Identifying business risk
There are many different types of business risk. Risks can be internal and external to your business. They can also directly or indirectly affect your business's ability to operate. Risks can be hazard-based (e.g. chemical spills), uncertainty-based (e.g. natural disasters) or associated with opportunities (e.g. taking them up or ignoring them). The Australian standard defines risk as 'the chance of something happening that will have an impact on objectives'.
Types of risk
The types of risk you face are specific to your business and its objectives. To effectively manage risk you should prepare for internal and external scenarios that may directly affect your business.
Direct risks to your business
Some common risk categories are:
- natural disasters, such as floods, storms, bushfires and drought
- pandemic, such as human influenza, swine flu or bird flu
- legal, such as insurance issues, resolving disputes, contractual breaches, non-compliance with regulations, and liabilities
- global events, such as pandemics and interruptions to air traffic
- technology, such as computer network failures and problems associated with using outdated equipment
- regulatory and government policy changes, such as water restrictions, quarantine restrictions, carbon emission restrictions and tax
- environmental, such as climate change, chemical spills and pollution
- work health and safety, such as accidents caused by materials, equipment, or location of your work
- property and equipment, such as damage from natural disasters, burst water pipes, robbery and vandalism
- security, such as theft, fraud, loss of intellectual property, terrorism, extortion and online security and fraud
- economic and financial, such as global financial events, interest rate increases, cash flow shortages, customers not paying, rapid growth and rising costs
- staffing, such as industrial relations issues, human error, conflict management and difficulty filling vacancies
- suppliers, such as issues within their business or industry resulting in failure or interruptions to the supply chain of products or raw materials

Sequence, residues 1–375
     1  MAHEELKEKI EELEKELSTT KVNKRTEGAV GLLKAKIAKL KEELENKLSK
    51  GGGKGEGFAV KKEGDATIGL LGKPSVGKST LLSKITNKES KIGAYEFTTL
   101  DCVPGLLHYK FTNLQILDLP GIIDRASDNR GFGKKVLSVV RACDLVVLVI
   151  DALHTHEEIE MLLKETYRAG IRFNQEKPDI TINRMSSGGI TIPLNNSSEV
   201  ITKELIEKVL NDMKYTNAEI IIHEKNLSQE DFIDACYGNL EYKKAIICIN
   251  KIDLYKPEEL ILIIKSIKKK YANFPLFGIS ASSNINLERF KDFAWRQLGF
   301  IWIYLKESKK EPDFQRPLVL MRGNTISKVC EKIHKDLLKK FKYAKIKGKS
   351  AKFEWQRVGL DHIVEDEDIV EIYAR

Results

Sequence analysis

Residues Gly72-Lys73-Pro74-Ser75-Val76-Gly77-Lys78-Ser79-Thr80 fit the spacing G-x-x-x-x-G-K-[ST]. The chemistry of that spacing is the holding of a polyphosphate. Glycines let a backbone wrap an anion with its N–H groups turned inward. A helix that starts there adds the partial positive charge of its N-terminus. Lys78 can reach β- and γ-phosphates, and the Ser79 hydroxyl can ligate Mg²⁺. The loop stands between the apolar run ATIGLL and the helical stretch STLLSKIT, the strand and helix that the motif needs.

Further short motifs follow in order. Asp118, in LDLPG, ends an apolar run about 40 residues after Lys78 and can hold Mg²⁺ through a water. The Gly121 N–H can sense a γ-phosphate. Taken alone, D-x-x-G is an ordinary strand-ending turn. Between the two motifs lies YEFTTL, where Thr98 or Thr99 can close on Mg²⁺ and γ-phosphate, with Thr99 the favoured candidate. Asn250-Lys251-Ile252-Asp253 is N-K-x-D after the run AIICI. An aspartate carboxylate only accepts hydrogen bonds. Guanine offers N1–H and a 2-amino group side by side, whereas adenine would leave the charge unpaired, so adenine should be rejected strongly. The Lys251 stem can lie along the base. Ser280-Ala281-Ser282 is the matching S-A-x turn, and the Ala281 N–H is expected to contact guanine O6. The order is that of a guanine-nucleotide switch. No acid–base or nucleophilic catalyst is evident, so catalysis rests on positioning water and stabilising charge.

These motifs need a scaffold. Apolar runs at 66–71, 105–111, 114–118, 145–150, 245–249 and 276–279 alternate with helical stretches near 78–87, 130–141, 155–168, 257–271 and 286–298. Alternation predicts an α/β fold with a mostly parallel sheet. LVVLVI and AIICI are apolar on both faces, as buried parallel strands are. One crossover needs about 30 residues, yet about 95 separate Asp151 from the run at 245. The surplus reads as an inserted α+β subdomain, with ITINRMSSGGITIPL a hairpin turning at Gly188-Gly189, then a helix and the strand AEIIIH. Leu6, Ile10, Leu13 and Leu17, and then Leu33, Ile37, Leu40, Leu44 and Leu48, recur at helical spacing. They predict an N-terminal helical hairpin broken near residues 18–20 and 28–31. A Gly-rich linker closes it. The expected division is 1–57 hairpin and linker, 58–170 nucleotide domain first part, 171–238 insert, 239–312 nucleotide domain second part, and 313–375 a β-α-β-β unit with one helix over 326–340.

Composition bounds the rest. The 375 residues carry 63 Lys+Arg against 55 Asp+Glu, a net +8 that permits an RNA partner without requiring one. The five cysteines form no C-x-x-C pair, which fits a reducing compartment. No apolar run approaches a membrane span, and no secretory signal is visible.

- market, such as changes in consumer preference and increased competition
- utilities and services, such as failures or interruptions to the delivery of your power, water, transport and telecommunications.
You should use this list as a starting point for thinking broadly about the types of risks that could impact your business. You may discover that you need to consider other important areas of risk that are not listed here.
Indirect risks to your business
People often make the mistake of overlooking things that don't directly impact their business and are therefore unprepared to deal with change. For example, while your business might not be directly affected by a natural disaster, you may still suffer if it affects your suppliers, customers or general location.
Consider how these scenarios could affect your business:
- If your suppliers are affected, you may run out of the products you sell, or the materials you need to make products.
- If your customers are personally affected their priorities may change and you could experience a reduced demand for your products or services.
- If your general location is affected, you and your customers may not be able to access your premises, or your utilities could be affected. For example, you could lose power, which could mean you:
- will not be able to operate your business
- may need to throw out any perishable goods and replace them, which can be costly.
Managing risk in your business
The process of identifying risks, assessing risks and developing strategies to manage risks is known as risk management. A risk management plan is an essential part of any business as it helps you to understand potential risks to your business and identify ways to minimise them or recover from their impacts.
- Last reviewed: 29 Jun 2016
- Last updated: 29 Jun 2016
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